by Justin Pidot, Associate Professor, University of Denver Sturm College of Law*
Last week, EPA Administrator Scott Pruitt announced plans to adopt a new rule that would severely limit the types of information that EPA may consider in designing rules to protect public health and the environment. If this proposal becomes final, it will require the agency to turn a blind eye to many scientific studies and other evidence of the effects of pollution. The rule is widely opposed by the scientific community. It may well be unlawful because it would prevent EPA from considering the best available science. It is also part of a broader, surreptitious, and profoundly misguided effort to undermine federal law by controlling information.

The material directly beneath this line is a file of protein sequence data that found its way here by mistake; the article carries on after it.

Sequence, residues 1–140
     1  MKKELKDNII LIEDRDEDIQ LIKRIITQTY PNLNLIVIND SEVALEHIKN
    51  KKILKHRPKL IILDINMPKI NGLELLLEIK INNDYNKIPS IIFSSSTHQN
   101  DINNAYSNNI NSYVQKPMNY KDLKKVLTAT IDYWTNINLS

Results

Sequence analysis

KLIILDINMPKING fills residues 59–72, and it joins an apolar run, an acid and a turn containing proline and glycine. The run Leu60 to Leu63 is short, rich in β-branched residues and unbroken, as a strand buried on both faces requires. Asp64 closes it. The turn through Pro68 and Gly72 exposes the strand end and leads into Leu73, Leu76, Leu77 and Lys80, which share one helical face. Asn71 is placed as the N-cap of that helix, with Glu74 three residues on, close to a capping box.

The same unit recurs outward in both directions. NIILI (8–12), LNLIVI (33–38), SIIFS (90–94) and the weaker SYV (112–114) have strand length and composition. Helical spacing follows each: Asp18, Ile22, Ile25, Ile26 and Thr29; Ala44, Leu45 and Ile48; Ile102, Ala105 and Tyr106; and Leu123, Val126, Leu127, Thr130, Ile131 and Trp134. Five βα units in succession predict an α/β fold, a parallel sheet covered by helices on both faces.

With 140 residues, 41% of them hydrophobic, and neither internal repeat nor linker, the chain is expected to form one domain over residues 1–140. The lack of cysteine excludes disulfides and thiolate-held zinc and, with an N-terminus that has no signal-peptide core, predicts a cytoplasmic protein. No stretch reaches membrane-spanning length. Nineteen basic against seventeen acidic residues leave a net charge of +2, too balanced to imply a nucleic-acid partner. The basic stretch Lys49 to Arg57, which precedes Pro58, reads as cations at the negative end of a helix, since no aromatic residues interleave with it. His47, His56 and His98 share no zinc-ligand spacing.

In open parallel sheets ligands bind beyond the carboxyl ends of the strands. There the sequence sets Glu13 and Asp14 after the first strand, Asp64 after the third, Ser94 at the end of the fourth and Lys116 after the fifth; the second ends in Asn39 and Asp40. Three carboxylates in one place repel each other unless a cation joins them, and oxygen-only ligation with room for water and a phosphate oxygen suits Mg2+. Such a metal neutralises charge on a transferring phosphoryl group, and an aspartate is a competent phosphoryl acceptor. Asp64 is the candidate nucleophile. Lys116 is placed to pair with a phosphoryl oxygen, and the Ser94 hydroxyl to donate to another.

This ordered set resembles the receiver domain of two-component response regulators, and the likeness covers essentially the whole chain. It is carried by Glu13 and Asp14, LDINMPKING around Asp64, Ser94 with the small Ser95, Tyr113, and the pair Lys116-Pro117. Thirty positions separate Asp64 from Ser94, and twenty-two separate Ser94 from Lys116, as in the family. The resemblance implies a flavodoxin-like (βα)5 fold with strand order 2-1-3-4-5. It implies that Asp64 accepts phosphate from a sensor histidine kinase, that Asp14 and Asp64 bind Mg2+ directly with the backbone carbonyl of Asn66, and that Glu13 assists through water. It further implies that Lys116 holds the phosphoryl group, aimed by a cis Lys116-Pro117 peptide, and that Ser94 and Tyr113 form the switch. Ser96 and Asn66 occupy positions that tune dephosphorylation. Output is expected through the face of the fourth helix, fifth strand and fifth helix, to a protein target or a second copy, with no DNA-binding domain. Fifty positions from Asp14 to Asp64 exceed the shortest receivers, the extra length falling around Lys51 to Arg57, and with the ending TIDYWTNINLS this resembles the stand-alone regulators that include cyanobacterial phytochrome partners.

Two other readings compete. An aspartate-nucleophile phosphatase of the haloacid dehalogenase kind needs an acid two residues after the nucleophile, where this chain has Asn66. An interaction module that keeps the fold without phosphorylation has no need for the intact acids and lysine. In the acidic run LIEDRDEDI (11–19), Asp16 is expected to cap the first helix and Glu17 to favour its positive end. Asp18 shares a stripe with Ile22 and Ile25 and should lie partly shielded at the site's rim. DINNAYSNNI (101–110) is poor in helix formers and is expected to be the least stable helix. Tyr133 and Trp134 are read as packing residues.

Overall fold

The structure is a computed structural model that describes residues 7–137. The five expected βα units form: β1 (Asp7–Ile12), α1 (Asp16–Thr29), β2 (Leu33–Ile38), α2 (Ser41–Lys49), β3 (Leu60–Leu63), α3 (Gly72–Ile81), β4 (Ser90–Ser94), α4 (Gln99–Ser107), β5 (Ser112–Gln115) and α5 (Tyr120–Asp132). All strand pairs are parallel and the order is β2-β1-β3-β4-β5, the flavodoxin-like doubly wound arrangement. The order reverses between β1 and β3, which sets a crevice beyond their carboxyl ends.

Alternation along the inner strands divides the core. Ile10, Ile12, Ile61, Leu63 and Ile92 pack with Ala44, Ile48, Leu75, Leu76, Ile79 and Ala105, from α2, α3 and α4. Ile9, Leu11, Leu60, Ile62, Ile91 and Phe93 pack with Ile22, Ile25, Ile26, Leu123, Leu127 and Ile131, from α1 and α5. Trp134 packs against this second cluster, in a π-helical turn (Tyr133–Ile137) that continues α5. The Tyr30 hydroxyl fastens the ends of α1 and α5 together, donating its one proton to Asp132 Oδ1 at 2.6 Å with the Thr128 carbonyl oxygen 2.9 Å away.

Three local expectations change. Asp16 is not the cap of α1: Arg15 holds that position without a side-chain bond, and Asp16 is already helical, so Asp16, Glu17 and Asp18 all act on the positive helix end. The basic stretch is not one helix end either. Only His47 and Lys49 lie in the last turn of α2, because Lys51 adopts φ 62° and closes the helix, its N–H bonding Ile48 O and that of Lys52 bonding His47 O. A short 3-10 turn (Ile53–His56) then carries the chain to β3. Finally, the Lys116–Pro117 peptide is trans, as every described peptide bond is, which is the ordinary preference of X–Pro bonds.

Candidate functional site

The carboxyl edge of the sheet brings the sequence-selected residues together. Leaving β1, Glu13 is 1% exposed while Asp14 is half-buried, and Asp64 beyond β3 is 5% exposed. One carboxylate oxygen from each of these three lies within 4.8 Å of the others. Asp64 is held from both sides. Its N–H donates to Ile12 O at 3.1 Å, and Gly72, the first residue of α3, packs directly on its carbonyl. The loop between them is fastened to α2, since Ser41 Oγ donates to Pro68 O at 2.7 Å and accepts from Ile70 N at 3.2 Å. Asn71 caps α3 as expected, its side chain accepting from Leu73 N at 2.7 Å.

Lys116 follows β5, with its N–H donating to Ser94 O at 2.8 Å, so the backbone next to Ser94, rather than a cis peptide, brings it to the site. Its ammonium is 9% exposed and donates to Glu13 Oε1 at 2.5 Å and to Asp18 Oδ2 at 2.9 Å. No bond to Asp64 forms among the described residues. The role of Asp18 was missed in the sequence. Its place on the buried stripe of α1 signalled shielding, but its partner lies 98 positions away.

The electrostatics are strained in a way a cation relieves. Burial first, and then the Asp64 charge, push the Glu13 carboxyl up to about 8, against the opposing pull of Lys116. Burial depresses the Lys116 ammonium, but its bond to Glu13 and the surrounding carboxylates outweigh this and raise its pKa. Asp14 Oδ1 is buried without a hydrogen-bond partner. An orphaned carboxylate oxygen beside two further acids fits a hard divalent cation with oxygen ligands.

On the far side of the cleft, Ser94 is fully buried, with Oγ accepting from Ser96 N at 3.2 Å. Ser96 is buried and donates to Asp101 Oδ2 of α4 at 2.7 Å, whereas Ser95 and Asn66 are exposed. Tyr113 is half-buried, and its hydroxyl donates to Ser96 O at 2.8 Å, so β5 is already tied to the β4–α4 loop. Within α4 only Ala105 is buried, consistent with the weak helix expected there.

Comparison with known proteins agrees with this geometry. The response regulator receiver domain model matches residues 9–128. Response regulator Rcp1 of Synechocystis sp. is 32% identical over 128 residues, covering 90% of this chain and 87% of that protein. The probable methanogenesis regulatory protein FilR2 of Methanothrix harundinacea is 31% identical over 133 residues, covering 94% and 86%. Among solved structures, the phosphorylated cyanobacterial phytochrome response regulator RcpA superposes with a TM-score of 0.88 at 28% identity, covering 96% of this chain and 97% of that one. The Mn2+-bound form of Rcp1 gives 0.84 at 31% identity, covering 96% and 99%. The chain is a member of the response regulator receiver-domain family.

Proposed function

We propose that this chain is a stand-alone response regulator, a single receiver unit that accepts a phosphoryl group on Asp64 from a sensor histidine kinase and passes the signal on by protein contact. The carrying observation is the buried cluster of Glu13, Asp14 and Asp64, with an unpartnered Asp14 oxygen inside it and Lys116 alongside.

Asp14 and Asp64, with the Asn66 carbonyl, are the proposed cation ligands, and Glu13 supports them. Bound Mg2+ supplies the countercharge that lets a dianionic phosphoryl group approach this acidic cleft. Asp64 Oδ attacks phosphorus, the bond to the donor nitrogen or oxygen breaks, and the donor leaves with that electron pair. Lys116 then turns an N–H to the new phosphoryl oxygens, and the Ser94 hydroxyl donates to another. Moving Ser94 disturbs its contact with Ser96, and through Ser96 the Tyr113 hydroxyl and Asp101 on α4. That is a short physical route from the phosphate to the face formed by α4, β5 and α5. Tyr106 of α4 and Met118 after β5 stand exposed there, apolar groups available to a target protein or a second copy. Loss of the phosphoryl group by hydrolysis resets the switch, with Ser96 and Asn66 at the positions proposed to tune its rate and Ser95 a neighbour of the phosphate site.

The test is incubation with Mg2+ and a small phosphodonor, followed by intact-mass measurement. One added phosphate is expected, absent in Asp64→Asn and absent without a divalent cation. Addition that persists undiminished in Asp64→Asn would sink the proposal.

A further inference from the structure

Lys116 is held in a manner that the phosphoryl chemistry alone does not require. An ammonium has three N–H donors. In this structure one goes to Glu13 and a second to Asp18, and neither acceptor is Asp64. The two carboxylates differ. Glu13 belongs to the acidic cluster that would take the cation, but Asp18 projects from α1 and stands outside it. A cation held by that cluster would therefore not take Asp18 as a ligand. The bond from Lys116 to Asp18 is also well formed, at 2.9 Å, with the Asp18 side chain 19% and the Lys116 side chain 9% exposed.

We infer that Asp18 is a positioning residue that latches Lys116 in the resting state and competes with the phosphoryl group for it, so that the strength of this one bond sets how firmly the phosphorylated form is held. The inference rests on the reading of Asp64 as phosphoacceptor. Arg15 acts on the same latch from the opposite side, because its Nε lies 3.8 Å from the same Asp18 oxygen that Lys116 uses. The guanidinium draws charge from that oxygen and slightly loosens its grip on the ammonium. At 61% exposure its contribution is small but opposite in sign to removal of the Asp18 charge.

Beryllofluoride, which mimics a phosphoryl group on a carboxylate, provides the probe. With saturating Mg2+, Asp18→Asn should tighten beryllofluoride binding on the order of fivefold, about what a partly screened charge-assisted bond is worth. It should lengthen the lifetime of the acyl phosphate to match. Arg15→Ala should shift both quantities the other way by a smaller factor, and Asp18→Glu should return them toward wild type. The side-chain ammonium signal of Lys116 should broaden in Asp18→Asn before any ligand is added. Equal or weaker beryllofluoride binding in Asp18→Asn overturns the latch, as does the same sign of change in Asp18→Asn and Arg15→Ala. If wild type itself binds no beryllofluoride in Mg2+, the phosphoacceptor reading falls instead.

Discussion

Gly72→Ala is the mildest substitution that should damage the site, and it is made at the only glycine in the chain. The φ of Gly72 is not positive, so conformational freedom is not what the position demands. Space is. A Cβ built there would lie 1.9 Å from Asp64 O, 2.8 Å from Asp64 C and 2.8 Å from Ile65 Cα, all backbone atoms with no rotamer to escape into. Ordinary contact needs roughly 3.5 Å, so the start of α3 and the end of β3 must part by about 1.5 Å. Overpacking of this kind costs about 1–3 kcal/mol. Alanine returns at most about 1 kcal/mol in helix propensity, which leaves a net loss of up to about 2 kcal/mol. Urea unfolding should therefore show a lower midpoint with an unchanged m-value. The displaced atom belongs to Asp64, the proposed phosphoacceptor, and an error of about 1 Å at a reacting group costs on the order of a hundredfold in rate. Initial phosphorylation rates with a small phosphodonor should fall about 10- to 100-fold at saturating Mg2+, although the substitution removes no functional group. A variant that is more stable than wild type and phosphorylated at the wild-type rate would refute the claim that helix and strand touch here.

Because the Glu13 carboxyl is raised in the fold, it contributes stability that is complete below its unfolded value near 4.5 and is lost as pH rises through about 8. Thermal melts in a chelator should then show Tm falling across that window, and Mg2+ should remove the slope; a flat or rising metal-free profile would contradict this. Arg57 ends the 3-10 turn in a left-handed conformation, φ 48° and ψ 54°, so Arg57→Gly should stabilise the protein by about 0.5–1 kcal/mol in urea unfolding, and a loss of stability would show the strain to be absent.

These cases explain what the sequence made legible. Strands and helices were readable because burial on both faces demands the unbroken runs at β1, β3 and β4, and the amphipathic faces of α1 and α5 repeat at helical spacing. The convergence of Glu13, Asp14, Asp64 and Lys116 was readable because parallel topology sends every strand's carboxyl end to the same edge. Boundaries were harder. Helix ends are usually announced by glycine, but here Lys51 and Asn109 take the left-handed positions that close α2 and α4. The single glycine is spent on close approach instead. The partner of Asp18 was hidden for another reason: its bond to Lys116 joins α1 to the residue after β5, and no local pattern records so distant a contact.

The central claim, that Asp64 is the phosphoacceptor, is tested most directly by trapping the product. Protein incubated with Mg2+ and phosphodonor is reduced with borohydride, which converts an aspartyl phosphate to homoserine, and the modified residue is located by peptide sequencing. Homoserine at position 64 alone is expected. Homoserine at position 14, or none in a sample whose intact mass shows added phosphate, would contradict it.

The current attack on information is best understood as a new front in the longstanding Republican war on our nation’s landmark environmental and public health laws. When Congress enacted those laws in the 1960s and 1970s, they enjoyed broad support among the American public and political leaders from both parties. A significant majority of the public—almost 60% of respondents a 2018 Gallup Poll—continues to prioritize environmental protection over unconstrained economic growth.